Should I Agree to Arbitration? Part 2

{5:30 minutes to read}

In my previous article, I provided an overview of arbitration and what happens if one chooses to take this path. In this continuation, I discuss discovery and motion practice, arbitrator selection and the hearing, and the finality of arbitration.

Discovery and Motion Practice:

The two main areas in which arbitration may differ from a lawsuit is discovery and motion practice. Oftentimes, the most time-consuming and expensive part of a lawsuit is discovery.

Discovery in arbitration is managed by the arbitrator, who will usually attempt to keep reasonable limits on the types and scope of discovery that will be permitted. In addition, often times, depositions will not be allowed or allowed sparingly. Will these limitations contribute to keeping costs down? Absolutely. On the other hand, there is a certain amount of discovery that may very well be needed by the parties in order to properly prepare and litigate their case. Is more open-ended (and, therefore, costly) discovery necessary in a particular dispute? To the extent that you are able to determine this prior to agreeing to arbitrationmeaning, you have not already entered into an agreement requiring the arbitration of disputesit should be carefully weighed by a party and her attorney; and, perhaps, with the opposing party, prior to agreeing to arbitration. If you are first considering whether to include a mandatory arbitration clause in an agreement and wish to designate one of the established arbitration service providers as the forum, you should review the rules of the providers with your attorney and consider whether the rules of one may be more beneficial to you than the rules of another given the types of disputes that you envision may arise.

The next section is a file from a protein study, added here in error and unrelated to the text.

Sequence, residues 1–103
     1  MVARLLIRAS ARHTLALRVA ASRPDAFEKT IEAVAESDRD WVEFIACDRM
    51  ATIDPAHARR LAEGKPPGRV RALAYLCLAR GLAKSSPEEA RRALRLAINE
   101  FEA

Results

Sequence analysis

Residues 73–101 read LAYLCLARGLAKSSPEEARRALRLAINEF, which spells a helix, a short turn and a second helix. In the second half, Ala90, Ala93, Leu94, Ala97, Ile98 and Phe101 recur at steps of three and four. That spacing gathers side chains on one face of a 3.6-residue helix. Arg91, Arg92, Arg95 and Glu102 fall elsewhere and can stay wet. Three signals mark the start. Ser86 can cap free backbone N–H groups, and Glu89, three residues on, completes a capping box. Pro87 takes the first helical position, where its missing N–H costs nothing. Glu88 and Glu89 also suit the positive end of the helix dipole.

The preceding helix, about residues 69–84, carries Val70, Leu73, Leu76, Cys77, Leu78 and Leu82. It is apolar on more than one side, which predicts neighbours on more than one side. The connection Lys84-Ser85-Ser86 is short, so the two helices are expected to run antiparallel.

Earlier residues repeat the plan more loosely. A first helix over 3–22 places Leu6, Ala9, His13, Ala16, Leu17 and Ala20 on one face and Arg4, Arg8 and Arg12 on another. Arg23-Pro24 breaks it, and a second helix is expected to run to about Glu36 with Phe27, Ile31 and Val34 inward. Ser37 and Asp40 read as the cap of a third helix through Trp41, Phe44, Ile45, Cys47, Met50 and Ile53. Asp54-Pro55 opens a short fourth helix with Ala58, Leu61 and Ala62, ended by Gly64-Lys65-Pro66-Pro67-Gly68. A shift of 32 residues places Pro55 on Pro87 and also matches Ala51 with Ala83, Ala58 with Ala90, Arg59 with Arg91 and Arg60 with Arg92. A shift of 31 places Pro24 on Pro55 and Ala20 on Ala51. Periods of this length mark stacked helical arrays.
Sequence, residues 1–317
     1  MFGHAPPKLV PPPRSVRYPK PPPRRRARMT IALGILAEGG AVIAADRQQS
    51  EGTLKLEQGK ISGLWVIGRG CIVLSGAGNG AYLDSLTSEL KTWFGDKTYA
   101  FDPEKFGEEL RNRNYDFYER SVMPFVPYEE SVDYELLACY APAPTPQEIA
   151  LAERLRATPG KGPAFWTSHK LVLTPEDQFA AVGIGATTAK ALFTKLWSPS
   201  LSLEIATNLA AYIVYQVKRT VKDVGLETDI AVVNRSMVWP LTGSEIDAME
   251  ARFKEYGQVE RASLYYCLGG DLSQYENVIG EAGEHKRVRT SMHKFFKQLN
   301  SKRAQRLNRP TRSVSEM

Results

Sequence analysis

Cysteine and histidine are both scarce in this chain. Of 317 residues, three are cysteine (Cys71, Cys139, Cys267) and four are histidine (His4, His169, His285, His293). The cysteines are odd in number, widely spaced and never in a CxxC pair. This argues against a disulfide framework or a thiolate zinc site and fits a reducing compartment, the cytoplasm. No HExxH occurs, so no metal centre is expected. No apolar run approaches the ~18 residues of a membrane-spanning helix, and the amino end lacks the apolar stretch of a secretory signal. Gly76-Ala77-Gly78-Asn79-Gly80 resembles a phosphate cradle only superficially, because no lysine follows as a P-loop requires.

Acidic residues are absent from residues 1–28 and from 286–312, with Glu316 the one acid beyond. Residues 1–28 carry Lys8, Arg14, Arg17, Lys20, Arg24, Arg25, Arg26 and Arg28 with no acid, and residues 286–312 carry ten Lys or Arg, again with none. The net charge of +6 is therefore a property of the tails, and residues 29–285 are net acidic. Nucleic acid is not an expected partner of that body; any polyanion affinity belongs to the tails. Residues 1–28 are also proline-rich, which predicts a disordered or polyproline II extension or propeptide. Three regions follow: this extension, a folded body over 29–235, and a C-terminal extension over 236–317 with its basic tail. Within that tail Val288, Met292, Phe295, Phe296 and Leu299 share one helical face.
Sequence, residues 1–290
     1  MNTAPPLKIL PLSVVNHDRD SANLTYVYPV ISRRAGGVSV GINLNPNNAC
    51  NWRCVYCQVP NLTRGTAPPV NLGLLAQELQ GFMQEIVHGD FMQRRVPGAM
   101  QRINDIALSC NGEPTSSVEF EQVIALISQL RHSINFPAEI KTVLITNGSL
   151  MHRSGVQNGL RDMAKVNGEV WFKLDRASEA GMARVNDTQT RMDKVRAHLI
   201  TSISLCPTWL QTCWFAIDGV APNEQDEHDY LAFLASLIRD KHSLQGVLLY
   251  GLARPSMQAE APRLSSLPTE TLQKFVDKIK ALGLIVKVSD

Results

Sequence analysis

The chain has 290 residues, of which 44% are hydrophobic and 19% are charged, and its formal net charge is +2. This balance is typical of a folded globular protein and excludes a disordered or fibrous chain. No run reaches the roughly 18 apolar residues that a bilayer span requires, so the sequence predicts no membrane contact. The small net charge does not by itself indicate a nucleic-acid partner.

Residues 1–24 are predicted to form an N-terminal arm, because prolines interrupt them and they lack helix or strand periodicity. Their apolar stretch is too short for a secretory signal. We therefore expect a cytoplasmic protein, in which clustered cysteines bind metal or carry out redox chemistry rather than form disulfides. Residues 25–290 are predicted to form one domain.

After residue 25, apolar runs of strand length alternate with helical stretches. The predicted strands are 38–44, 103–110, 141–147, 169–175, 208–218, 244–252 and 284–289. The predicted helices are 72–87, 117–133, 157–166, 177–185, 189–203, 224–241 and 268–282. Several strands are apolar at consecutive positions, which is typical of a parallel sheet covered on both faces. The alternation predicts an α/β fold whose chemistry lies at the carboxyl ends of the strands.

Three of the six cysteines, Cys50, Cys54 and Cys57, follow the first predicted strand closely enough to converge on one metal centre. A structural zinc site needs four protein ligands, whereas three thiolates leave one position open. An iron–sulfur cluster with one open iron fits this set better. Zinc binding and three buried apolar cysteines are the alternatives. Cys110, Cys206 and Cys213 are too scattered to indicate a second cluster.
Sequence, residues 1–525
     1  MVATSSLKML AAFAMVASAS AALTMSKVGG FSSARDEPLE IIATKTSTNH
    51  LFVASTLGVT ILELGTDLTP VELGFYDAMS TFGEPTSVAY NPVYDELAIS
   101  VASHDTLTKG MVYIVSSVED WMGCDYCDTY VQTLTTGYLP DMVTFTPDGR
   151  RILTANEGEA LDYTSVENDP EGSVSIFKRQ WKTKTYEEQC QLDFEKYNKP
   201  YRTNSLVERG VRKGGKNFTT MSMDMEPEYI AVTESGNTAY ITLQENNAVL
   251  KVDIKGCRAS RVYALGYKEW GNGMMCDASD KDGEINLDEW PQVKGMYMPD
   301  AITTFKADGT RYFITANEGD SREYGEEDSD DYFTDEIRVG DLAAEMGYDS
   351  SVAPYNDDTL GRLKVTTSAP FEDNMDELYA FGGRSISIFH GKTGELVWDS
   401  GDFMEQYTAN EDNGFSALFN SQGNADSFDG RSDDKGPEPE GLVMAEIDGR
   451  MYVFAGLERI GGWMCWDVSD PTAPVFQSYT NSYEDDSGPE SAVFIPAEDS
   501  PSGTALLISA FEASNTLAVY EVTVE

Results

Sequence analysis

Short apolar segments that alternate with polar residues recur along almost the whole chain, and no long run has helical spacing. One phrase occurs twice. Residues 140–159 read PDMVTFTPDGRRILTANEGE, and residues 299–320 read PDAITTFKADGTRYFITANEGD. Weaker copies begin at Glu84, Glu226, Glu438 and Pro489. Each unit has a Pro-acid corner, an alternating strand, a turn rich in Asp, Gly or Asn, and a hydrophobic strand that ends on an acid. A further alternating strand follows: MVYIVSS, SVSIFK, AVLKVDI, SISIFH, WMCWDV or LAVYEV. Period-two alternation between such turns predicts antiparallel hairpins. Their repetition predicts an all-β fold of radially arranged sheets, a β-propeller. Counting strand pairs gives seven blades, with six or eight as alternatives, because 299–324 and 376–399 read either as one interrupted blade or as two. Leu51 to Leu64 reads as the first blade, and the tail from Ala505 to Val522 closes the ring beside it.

Many arbitrators, and arbitration service providers, try and limit, or may even prohibit, the making of dispositive motions, such as motions to dismiss or motions for summary judgment. This, too, will save the parties the cost of making or defending such a motion. On the other hand, a meritorious, dispositive motion can help resolve the case before the parties incur the cost and expense, and the time required to participate in, a hearing. While it may certainly be premature to anticipate whether a dispositive motion would be useful in a particular dispute, the parties may want to make sure that they are aware of the rules of an arbitration provider before agreeing on the selection of an arbitration service provider.

The Selection of the Arbitrators and the Hearing:

An arbitration hearing may be very much like a trial. However, unlike in a traditional lawsuit, where cases are usually assigned to particular judges, with their strengths, weaknesses, and differing levels of expertise of particular subject matters, parties in an arbitration can usually participate in the selection of the arbitrator or arbitrators who will decide their case. In addition, many of the providers have panels of arbitrators with special expertise in particular areas, for the parties to choose from. Having a knowledgeable arbitrator or panel of arbitrators may be very appealing to parties generally, and especially in particular areas, such as construction claims, labor matters, intellectual property disputes, and the like.